Friday, July 19, 2019


Flutes are nice.

So soothing and pastoral…but they can turn on you! You know those late night TV psychological thrillers? Think of the parts that scared you: you knew something was up when the flute notes went ragged.

Byron Coley hates flutes. I think it has something to do with being traumatized by Jethro Tull in his teens. I’d think he’d like Daona, though: they wear animal masks and hang out in the forest just north of North London. Coley wears animal masks and hangs out in the forests of western Massachusetts. David Solomons & Fiona McAlister make up the core duo and for all I know could still be in the forest. England is still pretty good for Wi Fi reception, you know. The duo play everything on the CD you hear, except for the guest spots & drums. There is no traditional rock drum kit on this Mama Heartbeat for YOU! Also, they only use flutes when appropriate, meaning not all that much. This speaks well of them & we’ll talk about those guest spots later.

In this heady mix, late-night suspense soundtracks, latter-day 20th/21st century composers & their electrical technical support staff, thumbprints of Canterbury prog-rock caterwauling , ceremonial aspects of Nico’s The Marble Index , and other less discernible input material combine for a fine evening listening experience. No wait, one more thing: Fiona McAlister may have never, ever performed at the local Maypole dances, but she has an uncanny olde English folk vocal vibe sometimes. They even do a version of the traditional Reynardine. Thing is, they would probably get kicked off the local Pole Dance committee toot sweet if they ever bothered to show up for the fa la la la choruses. It’s all still teddibly English, so adjust your fog machine settings appropriately.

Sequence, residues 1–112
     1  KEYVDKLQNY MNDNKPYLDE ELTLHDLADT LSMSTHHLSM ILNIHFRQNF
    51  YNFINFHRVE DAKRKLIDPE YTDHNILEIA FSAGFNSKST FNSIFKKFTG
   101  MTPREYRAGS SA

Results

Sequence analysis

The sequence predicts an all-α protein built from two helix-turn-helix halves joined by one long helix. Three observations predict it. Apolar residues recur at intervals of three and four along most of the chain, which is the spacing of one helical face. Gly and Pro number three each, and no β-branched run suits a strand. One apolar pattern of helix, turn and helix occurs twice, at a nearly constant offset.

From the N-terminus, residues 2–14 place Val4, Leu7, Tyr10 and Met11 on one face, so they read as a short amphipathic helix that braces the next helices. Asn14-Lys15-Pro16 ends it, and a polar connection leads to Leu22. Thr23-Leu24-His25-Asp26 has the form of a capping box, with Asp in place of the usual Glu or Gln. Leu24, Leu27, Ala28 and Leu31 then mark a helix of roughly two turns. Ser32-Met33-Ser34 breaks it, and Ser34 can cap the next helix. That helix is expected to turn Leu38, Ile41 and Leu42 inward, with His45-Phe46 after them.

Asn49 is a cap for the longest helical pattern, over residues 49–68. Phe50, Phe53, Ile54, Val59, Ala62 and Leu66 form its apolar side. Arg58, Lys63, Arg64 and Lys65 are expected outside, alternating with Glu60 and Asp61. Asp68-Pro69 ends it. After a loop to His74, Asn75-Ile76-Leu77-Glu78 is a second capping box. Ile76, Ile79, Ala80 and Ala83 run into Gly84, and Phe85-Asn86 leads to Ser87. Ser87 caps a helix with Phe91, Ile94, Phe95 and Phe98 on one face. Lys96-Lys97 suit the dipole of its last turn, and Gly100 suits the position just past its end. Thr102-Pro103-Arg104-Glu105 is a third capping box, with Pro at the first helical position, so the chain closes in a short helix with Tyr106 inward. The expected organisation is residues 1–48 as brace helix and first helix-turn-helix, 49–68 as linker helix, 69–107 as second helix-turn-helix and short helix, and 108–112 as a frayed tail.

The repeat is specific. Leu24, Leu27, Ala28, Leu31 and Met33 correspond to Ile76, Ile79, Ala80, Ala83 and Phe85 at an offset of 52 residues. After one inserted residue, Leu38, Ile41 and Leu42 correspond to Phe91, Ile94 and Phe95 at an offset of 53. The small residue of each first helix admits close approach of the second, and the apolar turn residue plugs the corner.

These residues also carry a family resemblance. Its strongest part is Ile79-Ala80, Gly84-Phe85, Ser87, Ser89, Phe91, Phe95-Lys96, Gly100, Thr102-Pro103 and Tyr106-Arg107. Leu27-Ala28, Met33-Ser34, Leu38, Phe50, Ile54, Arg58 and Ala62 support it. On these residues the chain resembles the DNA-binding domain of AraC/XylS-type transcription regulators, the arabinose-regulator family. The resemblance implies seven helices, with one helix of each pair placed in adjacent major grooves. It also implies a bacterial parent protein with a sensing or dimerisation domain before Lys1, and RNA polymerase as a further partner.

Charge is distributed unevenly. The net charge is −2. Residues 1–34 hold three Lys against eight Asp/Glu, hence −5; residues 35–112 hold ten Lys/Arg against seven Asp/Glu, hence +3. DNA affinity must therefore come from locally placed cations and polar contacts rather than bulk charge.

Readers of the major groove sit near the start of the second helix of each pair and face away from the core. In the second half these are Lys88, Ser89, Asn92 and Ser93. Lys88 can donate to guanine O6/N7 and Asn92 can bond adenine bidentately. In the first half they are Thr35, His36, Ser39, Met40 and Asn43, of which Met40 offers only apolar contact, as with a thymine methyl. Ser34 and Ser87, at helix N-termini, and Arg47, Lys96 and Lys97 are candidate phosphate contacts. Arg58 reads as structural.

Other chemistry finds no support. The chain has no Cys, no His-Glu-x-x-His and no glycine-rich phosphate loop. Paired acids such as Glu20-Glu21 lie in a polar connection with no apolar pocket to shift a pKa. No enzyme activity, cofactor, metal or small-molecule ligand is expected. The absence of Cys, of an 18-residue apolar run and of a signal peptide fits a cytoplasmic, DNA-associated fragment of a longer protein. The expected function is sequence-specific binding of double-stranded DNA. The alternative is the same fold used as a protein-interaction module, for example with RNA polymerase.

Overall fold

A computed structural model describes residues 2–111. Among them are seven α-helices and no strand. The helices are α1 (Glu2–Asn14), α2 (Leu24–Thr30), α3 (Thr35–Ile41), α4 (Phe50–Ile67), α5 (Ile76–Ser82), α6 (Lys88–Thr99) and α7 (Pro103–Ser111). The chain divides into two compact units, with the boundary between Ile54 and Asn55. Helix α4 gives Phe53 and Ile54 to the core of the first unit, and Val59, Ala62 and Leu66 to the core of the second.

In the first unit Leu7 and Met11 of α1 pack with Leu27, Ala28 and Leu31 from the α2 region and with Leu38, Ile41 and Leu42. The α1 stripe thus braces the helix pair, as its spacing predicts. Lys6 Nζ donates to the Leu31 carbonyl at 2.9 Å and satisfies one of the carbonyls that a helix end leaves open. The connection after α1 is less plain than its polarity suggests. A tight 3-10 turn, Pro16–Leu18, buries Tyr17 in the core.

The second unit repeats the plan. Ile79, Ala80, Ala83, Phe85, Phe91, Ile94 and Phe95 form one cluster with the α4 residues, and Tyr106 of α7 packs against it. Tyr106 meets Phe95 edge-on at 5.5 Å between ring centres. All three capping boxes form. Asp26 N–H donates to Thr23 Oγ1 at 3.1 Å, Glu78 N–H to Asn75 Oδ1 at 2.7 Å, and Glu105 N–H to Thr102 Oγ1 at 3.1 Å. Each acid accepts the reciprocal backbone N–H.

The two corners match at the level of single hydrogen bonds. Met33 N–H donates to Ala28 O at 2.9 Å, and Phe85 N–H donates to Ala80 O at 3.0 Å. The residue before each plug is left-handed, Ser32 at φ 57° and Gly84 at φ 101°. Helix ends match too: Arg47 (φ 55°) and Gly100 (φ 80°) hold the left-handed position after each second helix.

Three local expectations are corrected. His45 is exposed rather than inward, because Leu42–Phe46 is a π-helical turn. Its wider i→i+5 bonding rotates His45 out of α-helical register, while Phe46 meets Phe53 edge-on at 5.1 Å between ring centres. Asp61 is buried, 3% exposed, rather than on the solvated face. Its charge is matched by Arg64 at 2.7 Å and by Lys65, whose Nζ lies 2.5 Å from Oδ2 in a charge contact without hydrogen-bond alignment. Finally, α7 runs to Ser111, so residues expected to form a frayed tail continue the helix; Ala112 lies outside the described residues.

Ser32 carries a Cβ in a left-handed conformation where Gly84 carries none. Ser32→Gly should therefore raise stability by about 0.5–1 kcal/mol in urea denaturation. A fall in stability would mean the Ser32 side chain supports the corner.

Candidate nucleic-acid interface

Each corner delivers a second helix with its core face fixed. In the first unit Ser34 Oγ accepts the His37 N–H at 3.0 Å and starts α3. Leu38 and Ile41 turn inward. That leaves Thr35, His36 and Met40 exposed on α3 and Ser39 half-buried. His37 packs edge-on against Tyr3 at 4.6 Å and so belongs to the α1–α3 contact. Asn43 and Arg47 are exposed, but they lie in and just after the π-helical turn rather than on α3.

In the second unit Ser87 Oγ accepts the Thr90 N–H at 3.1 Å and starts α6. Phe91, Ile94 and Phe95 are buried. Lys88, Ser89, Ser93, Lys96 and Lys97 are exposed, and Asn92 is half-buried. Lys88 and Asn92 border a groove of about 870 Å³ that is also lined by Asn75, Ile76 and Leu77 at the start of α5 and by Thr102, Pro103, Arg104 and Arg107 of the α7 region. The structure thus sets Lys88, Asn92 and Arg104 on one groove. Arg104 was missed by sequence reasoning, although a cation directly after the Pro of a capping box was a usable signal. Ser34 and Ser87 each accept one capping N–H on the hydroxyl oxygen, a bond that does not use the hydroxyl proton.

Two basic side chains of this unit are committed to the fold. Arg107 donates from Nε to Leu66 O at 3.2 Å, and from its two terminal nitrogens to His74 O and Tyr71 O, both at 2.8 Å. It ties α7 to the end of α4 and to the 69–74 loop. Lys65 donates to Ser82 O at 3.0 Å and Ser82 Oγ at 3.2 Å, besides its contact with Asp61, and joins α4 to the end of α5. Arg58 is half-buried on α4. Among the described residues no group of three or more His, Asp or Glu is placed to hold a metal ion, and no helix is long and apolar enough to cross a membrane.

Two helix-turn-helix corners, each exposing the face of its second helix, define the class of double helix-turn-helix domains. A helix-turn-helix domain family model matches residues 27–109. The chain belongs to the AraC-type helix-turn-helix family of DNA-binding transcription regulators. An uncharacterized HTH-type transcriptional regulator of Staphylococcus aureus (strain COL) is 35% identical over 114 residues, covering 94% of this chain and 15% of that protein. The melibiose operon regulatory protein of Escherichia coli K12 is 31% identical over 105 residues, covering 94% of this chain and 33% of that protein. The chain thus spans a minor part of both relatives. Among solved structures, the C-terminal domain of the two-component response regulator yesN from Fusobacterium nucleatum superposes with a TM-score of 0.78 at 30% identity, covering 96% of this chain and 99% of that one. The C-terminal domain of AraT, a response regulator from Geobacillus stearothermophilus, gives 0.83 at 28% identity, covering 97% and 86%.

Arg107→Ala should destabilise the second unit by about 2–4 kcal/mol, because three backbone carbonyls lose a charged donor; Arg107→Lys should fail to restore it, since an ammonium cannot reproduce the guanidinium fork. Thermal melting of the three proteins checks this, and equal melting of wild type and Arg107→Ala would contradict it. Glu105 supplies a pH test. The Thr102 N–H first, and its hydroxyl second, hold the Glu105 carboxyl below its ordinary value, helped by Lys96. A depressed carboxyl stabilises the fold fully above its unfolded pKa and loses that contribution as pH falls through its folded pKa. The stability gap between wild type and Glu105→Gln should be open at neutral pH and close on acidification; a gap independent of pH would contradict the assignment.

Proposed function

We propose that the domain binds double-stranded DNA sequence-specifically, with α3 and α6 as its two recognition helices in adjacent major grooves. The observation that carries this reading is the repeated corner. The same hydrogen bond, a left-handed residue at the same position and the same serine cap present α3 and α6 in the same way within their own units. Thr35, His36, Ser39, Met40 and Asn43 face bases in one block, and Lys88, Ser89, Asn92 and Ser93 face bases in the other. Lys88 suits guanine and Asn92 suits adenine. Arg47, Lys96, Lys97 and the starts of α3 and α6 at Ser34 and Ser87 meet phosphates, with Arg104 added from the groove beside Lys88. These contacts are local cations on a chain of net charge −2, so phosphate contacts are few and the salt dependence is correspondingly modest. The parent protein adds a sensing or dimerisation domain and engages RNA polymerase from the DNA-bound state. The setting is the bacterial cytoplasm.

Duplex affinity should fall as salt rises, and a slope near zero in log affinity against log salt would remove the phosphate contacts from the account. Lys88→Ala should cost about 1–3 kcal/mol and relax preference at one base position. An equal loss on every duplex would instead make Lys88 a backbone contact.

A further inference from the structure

All the material on the disc is written and performed by the duo, with the exception of the aforementioned Reynardine & the standard Lush Life. To the duo’s credit, the relatively straight delivery of the latter is scientifically filtered to create a just off-kilter perception that may have already been there to begin with.

There are a couple of really cool collaborations done presumably through the magic of Internet drop boxes. One is Angel, which features UK free jazz Evan Parker saxophonist doing his thang, and the Third Part of the Night, featuring Edgar Breau doing his. Both of those cats wail swell in their own respective contexts. Bully!

Overall, you get over an hour of listening so I would have to rate this 8 out of 10 black capes.

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